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8 Reasons Why You Should Use Geothermal Heating

The heat of the Earth is the source of geothermal power. The term “geothermal” is taken from the Greek word geo, meaning land and thermal energy, meaning fire. Electrical power is being used globally by citizens in the heating of buildings and greenhouses and other applications.

Geothermal power is considered a source of renewable energy because the water is restocked by rainfall and heat is continuously produced by the earth. This some of reasons why we should use geothermal heating, let’s discover other reasons in this article bellow.

History of Geothermal Energy

Most ancient people, including the Romans, Chinese and Native Americans, used hot water, cooking and boiling mineral resources. Hot spring water is usually used in spas, for heating and for agricultural and industrial purposes around the world. Some believe the hot mineral springs have the ability to heal naturally.

Geothermal power is a relatively new technology to produce electricity. The new electric generator was started in Lardarello in 1904 by a group of Italians. Their generator was powered by the Earth’s natural steam.

The Geysers steam field in Northern California was the first attempt to expand geothermal power in the U.S. in 1922. The project failed because of the abrasion and corrosion of pollutants and impurities contained in steam by the pipes and turbines of the day.

Some facts to Know About Geothermal energy

Geothermic energy is energy from the Earth’s ground, may be used for heating and cooling and as a form of clean electricity. But there are some important facts about geothermal heating we should know.

 It’s always on

Geothermal power plants reliably generate electricity 24 hours a day 7 days a week. The electricity supply for a geothermal power plant is extremely reliable and secure and thus exceptionally effective energy planning.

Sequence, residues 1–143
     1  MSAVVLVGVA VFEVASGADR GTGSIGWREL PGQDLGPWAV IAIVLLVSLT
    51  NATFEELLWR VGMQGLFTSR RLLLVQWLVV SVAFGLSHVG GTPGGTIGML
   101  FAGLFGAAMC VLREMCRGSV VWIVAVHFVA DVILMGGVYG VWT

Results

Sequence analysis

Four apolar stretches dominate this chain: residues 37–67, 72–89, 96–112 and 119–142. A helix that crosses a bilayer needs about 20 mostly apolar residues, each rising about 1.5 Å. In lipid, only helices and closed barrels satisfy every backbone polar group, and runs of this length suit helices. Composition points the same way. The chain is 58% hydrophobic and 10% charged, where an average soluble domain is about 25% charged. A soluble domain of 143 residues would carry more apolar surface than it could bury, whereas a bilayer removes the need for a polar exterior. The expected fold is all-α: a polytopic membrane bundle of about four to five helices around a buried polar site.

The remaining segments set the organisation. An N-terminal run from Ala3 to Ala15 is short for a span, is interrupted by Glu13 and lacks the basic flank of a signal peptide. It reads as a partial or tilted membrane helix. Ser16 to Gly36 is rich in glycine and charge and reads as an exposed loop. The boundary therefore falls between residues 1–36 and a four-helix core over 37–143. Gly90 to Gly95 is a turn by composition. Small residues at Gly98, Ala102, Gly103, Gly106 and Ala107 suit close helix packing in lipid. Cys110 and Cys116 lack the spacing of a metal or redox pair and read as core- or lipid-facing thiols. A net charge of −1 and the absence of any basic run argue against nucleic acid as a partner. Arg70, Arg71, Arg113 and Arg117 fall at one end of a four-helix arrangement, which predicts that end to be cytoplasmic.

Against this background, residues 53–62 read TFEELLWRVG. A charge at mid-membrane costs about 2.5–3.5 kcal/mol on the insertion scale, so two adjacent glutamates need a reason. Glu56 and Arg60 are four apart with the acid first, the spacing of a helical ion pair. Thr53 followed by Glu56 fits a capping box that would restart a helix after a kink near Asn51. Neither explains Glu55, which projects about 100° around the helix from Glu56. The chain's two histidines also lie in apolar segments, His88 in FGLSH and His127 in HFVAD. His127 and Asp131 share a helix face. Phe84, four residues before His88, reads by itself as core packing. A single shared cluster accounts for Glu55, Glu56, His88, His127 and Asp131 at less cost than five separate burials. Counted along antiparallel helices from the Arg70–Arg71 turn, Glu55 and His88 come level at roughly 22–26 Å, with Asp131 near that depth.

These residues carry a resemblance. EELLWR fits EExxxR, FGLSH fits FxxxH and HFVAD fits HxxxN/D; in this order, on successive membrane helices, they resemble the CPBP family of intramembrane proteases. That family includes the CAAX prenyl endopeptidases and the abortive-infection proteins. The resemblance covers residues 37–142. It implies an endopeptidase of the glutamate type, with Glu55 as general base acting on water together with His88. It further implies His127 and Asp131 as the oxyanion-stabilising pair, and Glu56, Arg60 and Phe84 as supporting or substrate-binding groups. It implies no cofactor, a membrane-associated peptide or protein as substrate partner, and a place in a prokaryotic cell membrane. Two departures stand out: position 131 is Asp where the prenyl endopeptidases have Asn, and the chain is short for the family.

Geothermal energy usages

Geothermal energy may be used in different forms based on the chosen resources and technology — heating and cooling of houses through geothermal heat pumps, generating electricity through geothermal energy systems, and heating structures via direct usage.

Over 100 years of geothermally sourced energy:

In 1904, in Larderello, Italy, the first geothermal plant ever was built. A small turbine powered by five light bulbs was steamed from the geothermal source.

Now the US is the world’s top source of geothermal electricity, supplying the national grid more than 3.7GW. Indeed, in 1892, the first modern geothermal district heating plant was built in Boise, Idaho.

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Pros and cons of geothermal heating

There are many Reasons why we should use geothermal heating. There is increasing awareness of the environmental impacts of fossil fuels — coal, oil and gas. There is also interest in environmentally friendly solutions to meet the energy needs of society.

Although fossil fuels are still abundant and inexpensive overall, alternative energy sources have risen in recent years in the midst of an unparalleled green energy wave.

Geothermal energy is among the most attractive green energy. There are many pros and cons of geothermal heating in this rich underground resource.

Find out our list of the top reasons why we should use geothermal heating in our homes.

Advantages of Using Geothermal

100% Renewable

Geothermal power is based on underground heat energy. In the water reservoirs of the earth’s crust this extreme heat is concentrated within enormous amounts. It is practically called limitless.

Clean-Burning and Low-Emission

Geothermal energy is considered clean because without burning any fossil fuels, it can be extracted and converted. Geothermal plant emissions are primarily benign vapors of water.

High Energy Potential